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Why is every young starting pitcher amazing these days?

It seems we're like being bombarded by high-quality, youthful starters, but why is that?

Ed Zurga

On Tuesday night, the most exciting baseball was played in Kansas City. Yes, Kansas City. The Royals' 22-year-old rookie Yordano Ventura -- No. 2 prospect in the Royals' system prior to the season according to John Sickels -- made his first start of the season, matching up against the newly-rich 25-year-old Chris Archer of the Tampa Bay Rays.

A thrilling young pitcher matching up against another thrilling young pitcher? Of course, Baseball Twitter went agog over the matchup:

The game actually lived up to the hype. Archer was great, scattering six hits over seven innings, striking out four and walking two. Ventura was also great, allowing only two hits, fanning six, and only allowing two hits with no walks over six frames.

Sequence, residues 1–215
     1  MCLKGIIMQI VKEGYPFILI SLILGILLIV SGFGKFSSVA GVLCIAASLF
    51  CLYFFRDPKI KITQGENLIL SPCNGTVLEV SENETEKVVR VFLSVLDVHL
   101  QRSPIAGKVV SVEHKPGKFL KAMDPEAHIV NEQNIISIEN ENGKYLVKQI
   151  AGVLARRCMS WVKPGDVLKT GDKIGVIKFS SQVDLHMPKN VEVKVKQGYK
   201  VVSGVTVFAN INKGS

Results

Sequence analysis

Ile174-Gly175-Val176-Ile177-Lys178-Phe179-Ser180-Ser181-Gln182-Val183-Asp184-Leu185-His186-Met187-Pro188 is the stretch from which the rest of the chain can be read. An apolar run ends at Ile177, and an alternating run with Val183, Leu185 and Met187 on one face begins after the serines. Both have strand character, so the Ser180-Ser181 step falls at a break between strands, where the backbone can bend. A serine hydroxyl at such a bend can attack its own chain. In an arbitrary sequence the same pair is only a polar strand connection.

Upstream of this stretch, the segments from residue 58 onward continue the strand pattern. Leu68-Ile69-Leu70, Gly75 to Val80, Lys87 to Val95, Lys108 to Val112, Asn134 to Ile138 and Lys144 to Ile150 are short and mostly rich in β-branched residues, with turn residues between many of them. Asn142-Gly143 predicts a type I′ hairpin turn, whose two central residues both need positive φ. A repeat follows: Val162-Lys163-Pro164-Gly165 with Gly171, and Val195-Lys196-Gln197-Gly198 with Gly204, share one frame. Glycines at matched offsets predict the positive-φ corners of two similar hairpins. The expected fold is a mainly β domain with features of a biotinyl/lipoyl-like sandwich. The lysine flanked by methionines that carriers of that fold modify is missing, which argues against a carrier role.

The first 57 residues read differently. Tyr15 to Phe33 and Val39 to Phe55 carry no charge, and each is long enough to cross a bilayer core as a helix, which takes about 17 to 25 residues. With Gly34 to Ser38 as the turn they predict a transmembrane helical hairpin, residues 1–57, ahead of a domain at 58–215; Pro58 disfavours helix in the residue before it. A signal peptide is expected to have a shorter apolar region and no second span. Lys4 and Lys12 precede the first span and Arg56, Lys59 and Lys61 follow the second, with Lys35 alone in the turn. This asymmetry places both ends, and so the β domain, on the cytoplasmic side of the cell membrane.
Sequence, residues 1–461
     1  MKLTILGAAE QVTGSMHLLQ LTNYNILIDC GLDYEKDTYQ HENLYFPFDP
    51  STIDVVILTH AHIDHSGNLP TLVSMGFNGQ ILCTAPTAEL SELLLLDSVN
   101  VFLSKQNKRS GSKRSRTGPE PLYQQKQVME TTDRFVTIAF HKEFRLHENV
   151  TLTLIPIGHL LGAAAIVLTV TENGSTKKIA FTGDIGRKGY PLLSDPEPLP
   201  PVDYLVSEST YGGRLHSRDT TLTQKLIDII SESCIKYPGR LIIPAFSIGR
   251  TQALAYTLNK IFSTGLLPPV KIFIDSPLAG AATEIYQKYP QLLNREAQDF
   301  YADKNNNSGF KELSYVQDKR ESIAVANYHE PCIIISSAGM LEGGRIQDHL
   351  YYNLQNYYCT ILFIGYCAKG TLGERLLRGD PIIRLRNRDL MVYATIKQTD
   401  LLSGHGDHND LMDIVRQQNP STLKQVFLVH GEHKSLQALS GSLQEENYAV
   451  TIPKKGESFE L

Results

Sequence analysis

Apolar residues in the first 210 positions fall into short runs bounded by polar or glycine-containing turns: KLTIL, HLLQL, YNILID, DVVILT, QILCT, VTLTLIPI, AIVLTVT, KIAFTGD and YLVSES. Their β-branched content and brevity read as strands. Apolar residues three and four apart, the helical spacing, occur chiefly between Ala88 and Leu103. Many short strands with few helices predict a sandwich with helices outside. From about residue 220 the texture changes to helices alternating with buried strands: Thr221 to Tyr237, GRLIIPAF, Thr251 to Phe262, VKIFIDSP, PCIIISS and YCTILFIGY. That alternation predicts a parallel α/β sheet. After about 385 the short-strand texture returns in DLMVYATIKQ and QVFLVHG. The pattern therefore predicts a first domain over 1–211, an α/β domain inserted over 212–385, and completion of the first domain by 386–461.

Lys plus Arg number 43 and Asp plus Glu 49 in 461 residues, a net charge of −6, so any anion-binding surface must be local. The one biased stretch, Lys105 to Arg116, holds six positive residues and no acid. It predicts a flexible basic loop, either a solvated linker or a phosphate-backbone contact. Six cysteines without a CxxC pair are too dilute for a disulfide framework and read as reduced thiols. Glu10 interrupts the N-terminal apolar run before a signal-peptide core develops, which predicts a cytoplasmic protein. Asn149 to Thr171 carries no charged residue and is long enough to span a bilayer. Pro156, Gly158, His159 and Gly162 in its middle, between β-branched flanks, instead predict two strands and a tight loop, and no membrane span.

In what's become a  common occurrence, two very young starting pitchers threw hard and got lots of outs in early-career pitching performances. It has almost become rote, but it seems like it's not taking top pitching prospects -- really any sort of young pitchers -- very long to be effective starters.

The traditional narrative is that in years past, it actually took younger pitchers a little while before they became great, or even good. Sure, there were rarities: Hall of Famers, Doc Gooden, and the like -- but most starters needed to put in a few seasons before they really hit their stride. Even more recent baseball fans remember Randy Johnson and Cliff Lee suffering through early stretches of average performance before eventually becoming rock stars on the hill.

Going back to 1998, rookie starting pitchers had a collective ERA of 5.16. Fast forward to 2013, and rookie starters had a collective ERA of 4.17, almost a full run's difference. Things have gone from not-great to pretty-great. And the peripherals -- stats like strikeout rate and walk rate -- back up the shift in ERA. What's happening here?

There are two major factors that are shifting the way we look at young starting pitchers.

Factor No. 1: Baseball's run environment has changed.